“The demand for unstitched fabric is unparalleled,” says Shamoon Sultan, CEO of high-street heavyweight Khaadi. “Many women enjoy buying unstitched fabric and then designing it according to their particular preferences and size. Still, we have observed a steady increase in the demand for ready-to-wear, not just because the trend for stitched clothing has caught on, but also because people are travelling abroad less often and the rupee has devalued and imported apparel has become very expensive.
“Buying has become more localised,” continues Shamoon. “Nevertheless, there hasn’t been a decrease in the demand for unstitched lawn because of this. At Khaadi, we release three seasonal collections: basic lawn as Essentials, the Signature collection which is more formal, and Khaas which is entirely festive.”
Khaadi also recently re-launched its menswear which it had discontinued three years ago. The Khaadi Man range is yet to expand to men’s pret — one of their most popular lines in the past — and is currently limited to unstitched men’s fabric.
“We’ve noticed that over the past few years, a lot of Pakistani men have been converting from ready-made clothing to bespoke designs,” says Shamoon, “so we decided to re-enter the market with an unstitched range and bring out ready-to-wear some time later.”
Shehnaz Basit, Chief Operating Officer at Gul Ahmed, observes, “The basic lawn suit is a summer essential, and while a lot of brands have shifted focus completely to luxury wear, a large contingent of our customer base appreciates a basic, crisp, good quality lawn suit. Festive wear has its own demand but the shalwar-kameez-dupatta is a part of every Pakistani woman’s day wear.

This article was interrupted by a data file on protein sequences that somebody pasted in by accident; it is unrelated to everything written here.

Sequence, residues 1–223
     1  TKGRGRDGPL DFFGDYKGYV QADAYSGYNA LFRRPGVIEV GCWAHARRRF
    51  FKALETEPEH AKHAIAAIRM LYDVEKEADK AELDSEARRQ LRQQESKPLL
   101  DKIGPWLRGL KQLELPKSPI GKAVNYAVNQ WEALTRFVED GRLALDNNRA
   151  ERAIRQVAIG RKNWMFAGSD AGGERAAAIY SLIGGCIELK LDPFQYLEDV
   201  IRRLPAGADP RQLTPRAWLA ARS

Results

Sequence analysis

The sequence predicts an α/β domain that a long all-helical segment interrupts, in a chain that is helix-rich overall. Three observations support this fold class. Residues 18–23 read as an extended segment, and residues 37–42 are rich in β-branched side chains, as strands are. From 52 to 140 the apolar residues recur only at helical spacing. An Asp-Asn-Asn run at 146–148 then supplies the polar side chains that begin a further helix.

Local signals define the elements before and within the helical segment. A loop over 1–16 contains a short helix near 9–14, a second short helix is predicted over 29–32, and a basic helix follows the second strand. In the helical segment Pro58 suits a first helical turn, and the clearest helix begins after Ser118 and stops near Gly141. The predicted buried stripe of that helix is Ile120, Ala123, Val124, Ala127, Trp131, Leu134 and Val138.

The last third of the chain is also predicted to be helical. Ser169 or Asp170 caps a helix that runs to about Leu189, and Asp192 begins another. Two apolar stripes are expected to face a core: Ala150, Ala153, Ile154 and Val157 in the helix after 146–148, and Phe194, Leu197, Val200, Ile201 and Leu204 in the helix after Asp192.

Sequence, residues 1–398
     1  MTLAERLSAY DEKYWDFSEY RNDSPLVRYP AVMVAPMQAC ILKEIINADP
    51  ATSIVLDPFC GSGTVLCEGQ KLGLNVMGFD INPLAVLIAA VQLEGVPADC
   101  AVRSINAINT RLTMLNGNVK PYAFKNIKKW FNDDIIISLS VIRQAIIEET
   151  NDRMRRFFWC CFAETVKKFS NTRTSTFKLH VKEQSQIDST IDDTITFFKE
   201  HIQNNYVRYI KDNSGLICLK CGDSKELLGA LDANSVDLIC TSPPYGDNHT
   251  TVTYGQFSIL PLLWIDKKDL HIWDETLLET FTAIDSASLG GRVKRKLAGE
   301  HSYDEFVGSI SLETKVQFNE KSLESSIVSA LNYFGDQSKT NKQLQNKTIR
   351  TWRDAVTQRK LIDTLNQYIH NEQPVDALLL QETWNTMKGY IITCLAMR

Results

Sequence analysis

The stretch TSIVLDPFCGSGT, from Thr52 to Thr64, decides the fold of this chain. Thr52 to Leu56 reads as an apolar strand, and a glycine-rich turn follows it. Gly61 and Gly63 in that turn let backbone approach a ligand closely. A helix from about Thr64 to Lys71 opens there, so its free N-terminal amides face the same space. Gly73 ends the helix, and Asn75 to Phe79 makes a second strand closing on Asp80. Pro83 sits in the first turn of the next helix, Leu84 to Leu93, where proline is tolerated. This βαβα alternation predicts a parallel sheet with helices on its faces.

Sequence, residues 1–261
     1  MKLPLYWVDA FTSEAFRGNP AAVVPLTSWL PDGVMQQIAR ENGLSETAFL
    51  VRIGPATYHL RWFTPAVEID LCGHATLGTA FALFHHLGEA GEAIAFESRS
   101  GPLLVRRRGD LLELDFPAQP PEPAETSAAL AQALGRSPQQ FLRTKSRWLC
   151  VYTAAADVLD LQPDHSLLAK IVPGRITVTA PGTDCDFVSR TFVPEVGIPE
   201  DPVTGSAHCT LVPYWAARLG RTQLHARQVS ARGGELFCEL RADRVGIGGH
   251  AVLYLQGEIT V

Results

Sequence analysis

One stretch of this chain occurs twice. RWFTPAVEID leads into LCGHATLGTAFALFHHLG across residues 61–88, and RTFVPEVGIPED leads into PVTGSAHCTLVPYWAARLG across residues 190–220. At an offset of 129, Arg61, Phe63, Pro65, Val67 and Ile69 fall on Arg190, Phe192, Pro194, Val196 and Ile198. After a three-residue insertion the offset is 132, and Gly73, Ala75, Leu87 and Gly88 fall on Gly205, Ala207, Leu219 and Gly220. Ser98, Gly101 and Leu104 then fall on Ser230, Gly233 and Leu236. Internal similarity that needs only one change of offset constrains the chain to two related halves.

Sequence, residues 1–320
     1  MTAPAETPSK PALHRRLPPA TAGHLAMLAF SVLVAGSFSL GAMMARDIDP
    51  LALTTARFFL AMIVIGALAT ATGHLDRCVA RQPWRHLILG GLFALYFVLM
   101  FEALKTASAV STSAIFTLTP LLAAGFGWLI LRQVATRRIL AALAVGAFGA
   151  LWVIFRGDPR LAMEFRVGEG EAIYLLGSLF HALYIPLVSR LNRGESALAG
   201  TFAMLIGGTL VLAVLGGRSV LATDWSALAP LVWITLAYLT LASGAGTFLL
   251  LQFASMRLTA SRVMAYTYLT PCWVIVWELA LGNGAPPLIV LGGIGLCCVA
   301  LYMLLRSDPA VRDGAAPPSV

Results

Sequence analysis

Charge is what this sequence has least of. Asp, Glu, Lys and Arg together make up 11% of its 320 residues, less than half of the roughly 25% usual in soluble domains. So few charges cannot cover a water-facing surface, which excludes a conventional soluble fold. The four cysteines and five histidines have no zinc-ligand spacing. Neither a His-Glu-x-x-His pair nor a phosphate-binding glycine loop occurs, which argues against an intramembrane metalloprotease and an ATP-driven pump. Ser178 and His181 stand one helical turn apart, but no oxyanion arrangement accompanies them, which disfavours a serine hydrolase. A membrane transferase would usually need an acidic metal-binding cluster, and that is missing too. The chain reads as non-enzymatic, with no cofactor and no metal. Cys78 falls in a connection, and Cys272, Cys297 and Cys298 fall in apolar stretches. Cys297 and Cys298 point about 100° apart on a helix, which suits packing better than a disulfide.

“Over a span of 70 years in the market, we have observed that customers particularly rely on us for good quality fabric as well as design — basic needs, such as that the fabric should not be see-through, are particularly important. Innovative ideas also gain attention, such as one of our recent lines, inspired by the culture of Pakistan’s four provinces.”
At Maria B., another major high-street player, the lawn collections come in a constant procession: basic collections leading on to festive lines with differing price-points. “Customers always want designer lawn to be luxurious but there are varying categories — the less formal collections amped up by good fabric, schiffli embroideries but not too much bling and the very formal lines,” says Maria.
Doing well in the lawn business comes with its learnings and Maria proceeds to recount them. “These are literally unwritten rules that you learn over time! Most women don’t want to have animals or birds as part of the design because they feel that they won’t be able to pray in the clothes, and so we decided a long time ago to not incorporate them. There is no point in alienating a big chunk of your clientele.
“Also, the palette for unstitched fabric has to be created with the season in mind. Summer collections tend to have more pastel shades and with Eid taking place in the summer, the festive lines consistently feature plenty of whites — they always sell extremely well, although customers demand variations. If there was a white chikankari outfit in the last collection, there needs to be a different kind of white next time.”
The designer niche
Beyond the realm of high-street brands with multiple branches, efficient online stores and a loyal mass clientele, there are hundreds of ‘designer’ lawns that surface every year, investing in billboards, social media advertising, celebrities as models and soirees where guests dress up in the lawn and get photographed.